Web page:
Marching to Selma: How MLK, LBJ, & The Civil Rights Movement Changed the World
Fifty-one years ago in March 1965, the nation watched as Alabama state troopers brutally beat civil rights marchers on the Edmund Pettus Bridge in Selma in what became known as “Bloody Sunday.” Two weeks later the same marchers walked 54 miles to the Alabama capitol in Montgomery, and five months later Congress passed and President Lyndon Johnson signed the Voting Rights Act — one of the most important pieces of legislation in the history of American democracy. This lecture series examines the strategies that propelled the civil rights movement to this moment. Fifty years later, the battle for voting rights for all Americans has returned to the center of the nation’s democracy.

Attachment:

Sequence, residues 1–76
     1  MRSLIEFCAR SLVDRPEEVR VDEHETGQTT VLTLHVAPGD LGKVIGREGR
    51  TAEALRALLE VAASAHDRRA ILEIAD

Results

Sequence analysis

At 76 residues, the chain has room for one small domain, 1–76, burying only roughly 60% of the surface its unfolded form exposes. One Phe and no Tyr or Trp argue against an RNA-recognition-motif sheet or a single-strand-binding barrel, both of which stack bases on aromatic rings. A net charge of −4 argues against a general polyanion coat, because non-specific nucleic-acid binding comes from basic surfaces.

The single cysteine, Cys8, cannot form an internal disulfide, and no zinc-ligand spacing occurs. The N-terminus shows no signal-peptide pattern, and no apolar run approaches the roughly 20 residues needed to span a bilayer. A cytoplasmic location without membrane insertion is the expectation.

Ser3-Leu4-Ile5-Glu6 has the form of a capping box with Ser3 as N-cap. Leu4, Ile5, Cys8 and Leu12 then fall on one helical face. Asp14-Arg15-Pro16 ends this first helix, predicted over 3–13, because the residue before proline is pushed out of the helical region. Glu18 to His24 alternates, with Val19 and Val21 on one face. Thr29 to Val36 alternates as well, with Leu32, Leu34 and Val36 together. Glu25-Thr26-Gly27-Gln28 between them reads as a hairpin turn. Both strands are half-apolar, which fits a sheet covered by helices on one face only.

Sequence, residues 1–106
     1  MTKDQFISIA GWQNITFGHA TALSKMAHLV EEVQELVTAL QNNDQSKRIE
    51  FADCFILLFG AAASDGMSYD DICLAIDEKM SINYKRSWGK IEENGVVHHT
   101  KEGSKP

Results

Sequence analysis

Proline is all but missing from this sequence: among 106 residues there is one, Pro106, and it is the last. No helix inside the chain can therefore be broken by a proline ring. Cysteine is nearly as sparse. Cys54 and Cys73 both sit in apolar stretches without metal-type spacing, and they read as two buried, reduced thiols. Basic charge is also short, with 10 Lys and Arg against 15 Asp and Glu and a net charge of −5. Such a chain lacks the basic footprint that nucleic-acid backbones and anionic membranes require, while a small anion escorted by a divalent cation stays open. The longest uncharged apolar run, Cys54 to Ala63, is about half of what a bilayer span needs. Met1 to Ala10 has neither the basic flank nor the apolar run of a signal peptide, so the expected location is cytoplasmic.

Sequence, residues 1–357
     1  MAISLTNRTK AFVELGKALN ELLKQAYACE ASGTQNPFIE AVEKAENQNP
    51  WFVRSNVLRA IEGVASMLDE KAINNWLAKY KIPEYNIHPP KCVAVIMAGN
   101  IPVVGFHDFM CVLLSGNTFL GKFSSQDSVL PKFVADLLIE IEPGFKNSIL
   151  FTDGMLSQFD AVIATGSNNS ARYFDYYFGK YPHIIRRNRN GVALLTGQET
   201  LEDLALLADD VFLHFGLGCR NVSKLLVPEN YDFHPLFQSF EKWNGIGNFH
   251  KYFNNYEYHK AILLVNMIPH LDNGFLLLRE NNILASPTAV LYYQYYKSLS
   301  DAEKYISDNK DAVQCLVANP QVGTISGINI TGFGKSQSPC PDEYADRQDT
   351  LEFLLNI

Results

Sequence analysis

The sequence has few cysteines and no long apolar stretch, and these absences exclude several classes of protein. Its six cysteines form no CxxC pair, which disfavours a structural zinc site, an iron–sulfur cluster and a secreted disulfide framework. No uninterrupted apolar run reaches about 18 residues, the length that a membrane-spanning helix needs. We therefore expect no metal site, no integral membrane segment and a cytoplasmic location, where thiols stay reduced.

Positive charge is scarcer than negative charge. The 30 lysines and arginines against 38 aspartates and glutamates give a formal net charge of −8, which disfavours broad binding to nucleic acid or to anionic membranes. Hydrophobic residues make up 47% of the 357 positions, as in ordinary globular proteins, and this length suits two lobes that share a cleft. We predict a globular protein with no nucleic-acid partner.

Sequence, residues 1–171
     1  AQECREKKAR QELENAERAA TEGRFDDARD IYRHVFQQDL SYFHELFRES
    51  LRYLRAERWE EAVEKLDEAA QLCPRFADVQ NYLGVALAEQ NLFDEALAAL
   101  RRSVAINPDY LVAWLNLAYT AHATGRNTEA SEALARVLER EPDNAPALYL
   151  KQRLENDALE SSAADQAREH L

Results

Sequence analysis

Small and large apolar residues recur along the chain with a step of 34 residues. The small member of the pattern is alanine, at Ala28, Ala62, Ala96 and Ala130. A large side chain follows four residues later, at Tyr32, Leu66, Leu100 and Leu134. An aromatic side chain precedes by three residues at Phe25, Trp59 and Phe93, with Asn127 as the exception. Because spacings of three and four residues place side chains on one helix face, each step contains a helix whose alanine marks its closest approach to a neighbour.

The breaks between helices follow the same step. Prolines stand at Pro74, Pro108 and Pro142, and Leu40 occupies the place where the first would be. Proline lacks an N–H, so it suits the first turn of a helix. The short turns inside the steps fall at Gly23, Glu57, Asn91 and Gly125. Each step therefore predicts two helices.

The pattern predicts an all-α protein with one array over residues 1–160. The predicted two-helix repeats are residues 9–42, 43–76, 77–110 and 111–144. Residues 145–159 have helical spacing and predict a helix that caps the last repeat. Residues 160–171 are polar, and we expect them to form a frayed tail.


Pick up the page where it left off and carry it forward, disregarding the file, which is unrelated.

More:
Lecture Speaker: University of Washington Professor David Domke
Dates: Five Tuesdays in August 2016; 6:30 p.m. in Kane Hall 120 for all dates
August 2: “Montgomery: A Mass Movement Begins”
August 9: “Nonviolence and the Soul of America: Nashville to Birmingham”
August 16: “Mississippi: The Magnolia Crucible”
August 23: “Lyndon Baines Johnson: The Improbable President”
August 30: “Marching to, in, and from Selma: We shall overcome”
$20 suggested donation per lecture. All proceeds will go to support students and projects at the University of Washington or Bellevue College.